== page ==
Oliver, Mary Entries


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I surprise myself by connecting so readily with the works of Mary Oliver: I, who spent an entire college course on the Romantics digging myself out from under ruined cottages and Aeolian harps. Yet, by and large, I do connect. Oliver is a "nature poet" in the sense that she places great value on details of the physical world, on taking the time to notice and prize elements of existence often considered small or insignificant. She argues with great passion that these details are actually of great importance, that in them dwell the complex raw material of life, in all its messy joy. I think it's the combination of nuance and deceptively simple language that really gets me about Oliver, and saves her from coming off as saccharine. She is capable of holding within herself two seemingly opposed facts, and presenting them calmly and beautifully, united in a single image. One of my favorite examples of this in Evidence is "Prince Buzzard":

Prince Buzzard,
  I took you, so high in the air,
    for a narrow boat and two black sails.
      You were drifting

in the depths of the air
  wherever you wanted to go,
    and when you came down
      with your spoony mouth

and your red head
  and your creaking wings
    to the lamb
     dead, dead, dead

in the field of spring
  I knew it was hunger
    that brought you --
     yet you went about it

so slowly,
  settling with hunched wings
    and silent
      as the grass itself

over the lamb's white body --
  it seemed
    a ceremony,
      a pause

as though something
  in the quick of your own body
    had come out
      to give thanks

for the dark work
  that was yours,
    which wasn't to be done easily or quickly,
      but thoroughly --

and indeed by the time summer
  opened its green harbors
    the field was nothing but flowers, flowers, flowers,
      from shore to shore

Here Oliver observes, not just the relatively facile truth that life leads into death leads into life, but that the work of death is worthy of care, thoroughness, and thanks. Or maybe the issue is not so much one of worth, but simply of being: the work of death is done with a slow, careful completeness, and the speaker is a witness to that. Oliver is alive to the spirit of the natural world, yet she walks that Romantic line between perceiving and half-creating the world around her: the buzzard pauses, she writes, "as though something / in the quick of your own body / had come out..." Does the buzzard's seeming thankfulness dwell within the buzzard, or within the speaker? Or perhaps a little of each, or in the nexus of the two? Oliver's poems insist on a genuine, bone-deep connection with nature, but they also describe a necessary distance between the human speaker and the world observed. A lyric depicting time the speaker spent with a river otter is titled "Almost a Conversation"; another poem describes a mockingbird's indifference to any human listeners who might overhear his song. In "Moon and Water," Oliver portrays a deep, quiet connection with a natural entity, but also the limits of that connection:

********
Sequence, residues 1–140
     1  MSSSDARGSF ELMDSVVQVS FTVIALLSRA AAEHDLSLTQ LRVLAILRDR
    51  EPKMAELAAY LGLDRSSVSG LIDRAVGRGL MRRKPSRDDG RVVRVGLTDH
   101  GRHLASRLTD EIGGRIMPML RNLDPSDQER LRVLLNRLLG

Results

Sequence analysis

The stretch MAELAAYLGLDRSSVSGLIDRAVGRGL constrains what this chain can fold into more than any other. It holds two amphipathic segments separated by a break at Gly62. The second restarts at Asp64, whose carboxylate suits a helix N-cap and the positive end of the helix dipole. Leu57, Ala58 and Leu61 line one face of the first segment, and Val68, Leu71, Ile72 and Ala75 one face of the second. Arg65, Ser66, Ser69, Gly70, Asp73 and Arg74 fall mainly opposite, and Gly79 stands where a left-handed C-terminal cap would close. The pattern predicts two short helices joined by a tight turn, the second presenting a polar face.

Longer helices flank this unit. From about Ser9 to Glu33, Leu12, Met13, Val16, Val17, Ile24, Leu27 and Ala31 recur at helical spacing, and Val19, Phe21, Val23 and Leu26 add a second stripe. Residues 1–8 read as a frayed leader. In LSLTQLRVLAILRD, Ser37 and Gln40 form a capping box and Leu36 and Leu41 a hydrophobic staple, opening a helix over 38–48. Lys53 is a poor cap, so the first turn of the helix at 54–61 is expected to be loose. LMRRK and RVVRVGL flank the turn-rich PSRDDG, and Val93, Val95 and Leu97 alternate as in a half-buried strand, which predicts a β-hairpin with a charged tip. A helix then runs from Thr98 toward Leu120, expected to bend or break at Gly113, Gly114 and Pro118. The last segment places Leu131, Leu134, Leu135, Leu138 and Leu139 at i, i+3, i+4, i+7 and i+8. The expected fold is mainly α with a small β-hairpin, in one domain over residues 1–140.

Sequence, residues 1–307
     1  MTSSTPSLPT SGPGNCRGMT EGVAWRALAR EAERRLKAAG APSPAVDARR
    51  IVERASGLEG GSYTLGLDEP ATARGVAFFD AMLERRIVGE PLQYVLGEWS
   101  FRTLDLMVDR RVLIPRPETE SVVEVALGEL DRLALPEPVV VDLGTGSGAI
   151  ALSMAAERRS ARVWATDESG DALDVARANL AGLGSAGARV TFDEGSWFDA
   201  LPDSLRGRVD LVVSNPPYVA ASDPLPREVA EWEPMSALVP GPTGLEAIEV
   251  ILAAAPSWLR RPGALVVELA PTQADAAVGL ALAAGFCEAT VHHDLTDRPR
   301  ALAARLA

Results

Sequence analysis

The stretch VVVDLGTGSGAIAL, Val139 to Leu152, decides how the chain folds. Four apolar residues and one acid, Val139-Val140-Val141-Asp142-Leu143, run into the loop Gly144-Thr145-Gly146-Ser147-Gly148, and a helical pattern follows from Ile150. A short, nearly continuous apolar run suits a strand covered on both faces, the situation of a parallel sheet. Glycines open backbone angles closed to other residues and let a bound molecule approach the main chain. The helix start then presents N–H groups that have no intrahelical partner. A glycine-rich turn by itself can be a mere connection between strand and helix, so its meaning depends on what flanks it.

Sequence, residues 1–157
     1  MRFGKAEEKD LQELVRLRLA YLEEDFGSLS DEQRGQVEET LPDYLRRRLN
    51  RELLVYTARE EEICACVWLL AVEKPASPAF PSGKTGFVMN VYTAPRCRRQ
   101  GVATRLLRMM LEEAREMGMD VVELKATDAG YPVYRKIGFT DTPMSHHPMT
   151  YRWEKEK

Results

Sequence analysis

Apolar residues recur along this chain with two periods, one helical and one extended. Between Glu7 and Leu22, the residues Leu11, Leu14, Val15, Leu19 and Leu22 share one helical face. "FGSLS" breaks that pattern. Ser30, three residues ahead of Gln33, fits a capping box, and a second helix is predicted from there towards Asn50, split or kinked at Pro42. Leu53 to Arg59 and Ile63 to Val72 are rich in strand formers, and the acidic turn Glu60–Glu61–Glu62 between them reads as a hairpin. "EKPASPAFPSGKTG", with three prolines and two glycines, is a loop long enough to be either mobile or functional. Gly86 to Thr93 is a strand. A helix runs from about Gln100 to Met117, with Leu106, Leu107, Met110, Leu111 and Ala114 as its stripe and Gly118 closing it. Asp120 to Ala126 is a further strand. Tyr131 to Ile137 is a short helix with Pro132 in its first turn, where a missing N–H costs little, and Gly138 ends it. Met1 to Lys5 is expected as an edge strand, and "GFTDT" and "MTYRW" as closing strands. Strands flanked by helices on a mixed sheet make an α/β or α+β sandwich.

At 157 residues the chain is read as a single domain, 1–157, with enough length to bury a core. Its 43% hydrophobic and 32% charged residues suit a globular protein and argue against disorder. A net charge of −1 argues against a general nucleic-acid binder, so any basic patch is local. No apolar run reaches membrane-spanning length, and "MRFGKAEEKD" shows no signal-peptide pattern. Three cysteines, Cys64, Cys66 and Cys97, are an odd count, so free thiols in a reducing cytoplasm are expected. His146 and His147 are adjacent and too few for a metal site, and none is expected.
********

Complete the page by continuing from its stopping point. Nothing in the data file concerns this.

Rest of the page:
I wake and spend
the last hours
of darkness
with no one

but the moon.
She listens
to my complaints
like the good

companion she is
and comforts me surely
with her light.
But she, like everyone,

has her own life.
So finally I understand
that she has turned away,
is no longer listening.

She wants me
to refold myself
into my own life.
And, bending close,

as we all dream of doing,
she rows with her white arms
through the dark water
which she adores

I love the image, here, of "refolding" oneself into one's own life after a period apart, and I love Oliver's perception of the moon as an entity helpful but aloof, with her own need, in the end, to return to the things which nourish her, "which she adores."

Oliver's language is hard to resist: it's accessible and even conversational, but distilled into a gorgeous precision. Occasionally there is a phrase reminiscent, to me, of a Sappho fragment:

"year after honey-rich year"
"summer / opened its harbors"
"one of those sweet, abrasive blades."

I can almost taste such lines; they fall onto the tongue like, as the poets themselves might say, drops of nectar. Savoring them, I find myself slowing down and lingering over their cadences, luxuriating in the stillness they leave in their wake. Oliver's habit of ending her poems without periods, letting them settle gradually and quietly in the reader's mind, like ripples on water, adds to this effect.

Occasionally Oliver does get a bit dances-with-the-daffodils for my taste. Evidence's "Violets," in particular, crosses some kind of a hippie-Romantic line for me, eulogizing about the lost flowers of childhood, long since bulldozed to make way for development. I also have trouble connecting with the poems in Evidence which use overtly religious language: "More Honey Locust," for example, perceives in the blossom "a prayer for us all"; there are poems called "Hallelujah" and "Prayer," and one that plays with the existence of angels. It's not that I think this kind of language is inappropriate or in any way irrelevant, but being a very secular person myself, I find it distracting. I can deduce from context, intellectually, what sort of a God concept Oliver herself might have, and I must say that it seems thoughtful and hard-won. But as I have none myself, I find that I am jerked out of the visceral experience of the poem whenever religious language makes an appearance.

But these are personal quibbles. Evidence is a masterful collection of poems, and one that only gets more lovely and thought-provoking the more I pore through it.

June 2012

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link to Wolves 2011 reading list
link to more disgust bibliography